Hookah smoking has become a big trend for young people everywhere, and Northwest Arkansas is no exception.
Junior Niki Mangan has been a hookah fanatic since the age of 16, and when she moved to Fayetteville for college she brought her hobby with her.
“The first time I ever saw [a hookah], it totally fascinated me,” Mangan said. “It just seemed like the coolest thing ever. It wasn’t illegal, but it still gave you a buzz, and as far as I knew it was pretty harmless.”
Now, four years later, Mangan says she is “still into it.”
“It’s just a cool thing to do when you’re hanging out with friends or you want to relax,” she said. “It doesn’t get you high or anything so it’s not dangerous, it’s just a way to relax and socialize.”
To set up a hookah, the vase must be filled with water in order to submerge the down stem. The bowl on top is covered with aluminum foil that is then perforated by a sharp object, or a metal mesh screen. Hot coals are placed on top of the foil or screen, which makes the shisha tobacco in the bowl to heat up and smoke.
Sucking through the hose draws more heat onto the shisha and smoke travels down through the down stem and under water. The smoke then rises up above the water and into the hose port opening and then the hose until it reaches the smoker’s mouth.
“The way that it works, people are always just so amazed; they have no clue how the contraption can make smoke,” Mangan said. “It’s just cool the way that the water filters it and it just produces so much smoke so you get a really great show in addition to the way that it makes you feel.”
Hookahs come in all different shapes, colors and sizes. Mangan has owned quite the variety herself.
“I bought my first one–just a tiny one, probably like six inches–when I was 16, shortly after I first smoked,” Mangan said. “Since that time I’ve always owned one and they seem to keep getting bigger and bigger.”
Mangan owns one now that is just over two feet, and another that is just over three feet.
“One of them was actually a gift from a friend in Iraq,” Mangan said.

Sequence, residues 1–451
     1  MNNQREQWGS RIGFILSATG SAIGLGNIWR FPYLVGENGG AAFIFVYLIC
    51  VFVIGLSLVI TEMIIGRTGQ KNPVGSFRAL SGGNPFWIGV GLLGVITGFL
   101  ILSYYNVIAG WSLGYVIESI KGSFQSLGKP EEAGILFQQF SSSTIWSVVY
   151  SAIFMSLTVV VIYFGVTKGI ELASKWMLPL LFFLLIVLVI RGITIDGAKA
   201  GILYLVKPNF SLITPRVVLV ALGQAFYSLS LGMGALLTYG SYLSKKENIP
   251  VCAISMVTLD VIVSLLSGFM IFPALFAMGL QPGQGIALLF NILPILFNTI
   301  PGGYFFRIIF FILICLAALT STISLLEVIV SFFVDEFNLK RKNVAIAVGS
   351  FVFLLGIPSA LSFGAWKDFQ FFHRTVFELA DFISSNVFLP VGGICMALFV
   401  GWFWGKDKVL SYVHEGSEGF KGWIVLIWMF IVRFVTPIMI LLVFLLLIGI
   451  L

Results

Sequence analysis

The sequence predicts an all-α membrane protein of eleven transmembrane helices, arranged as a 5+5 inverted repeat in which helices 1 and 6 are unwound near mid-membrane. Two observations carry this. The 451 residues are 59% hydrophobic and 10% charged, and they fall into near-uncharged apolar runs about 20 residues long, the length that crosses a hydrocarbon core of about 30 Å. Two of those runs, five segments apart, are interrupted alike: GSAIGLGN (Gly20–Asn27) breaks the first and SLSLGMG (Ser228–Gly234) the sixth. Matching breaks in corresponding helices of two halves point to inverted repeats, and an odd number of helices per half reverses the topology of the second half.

Since her arrival in Fayetteville, Mangan has noticed that smoking hookah is certainly a trend in Northwest Arkansas.
“I’m sure it’s big on other college campuses too,” Mangan said. “It’s legal, so you don’t have to worry about getting in trouble with it, which I think makes it appeal to a lot of people,” she said. “Also, it’s not that expensive.”
There are a number of places around Fayetteville that sell hookahs, shisha and other hookah-smoking necessities. Some are bigger and more specialized than others. Of course, all necessary supplies can also be ordered online. Fayetteville also offers several hookah lounges where people can go and pay to smoke hookah with friends in a relaxed environment.
“I think it’s cheaper to own your own stuff so that you can smoke without people trying to make a profit off of you,” Mangan said. “However, if you don’t own a hookah or you’re not comfortable owning one there are hookah bars just pretty much all over the place,” she said.” “I think there are three or four in Fayetteville.”
Many are still uncertain about this growing trend, and certainly some will never touch a hookah. The fad continues to spread, though, and every day it becomes less of the stigma it once was.
“It’s easily accessible, not too expensive, and not nearly as dangerous as people think it is,” Mangan said.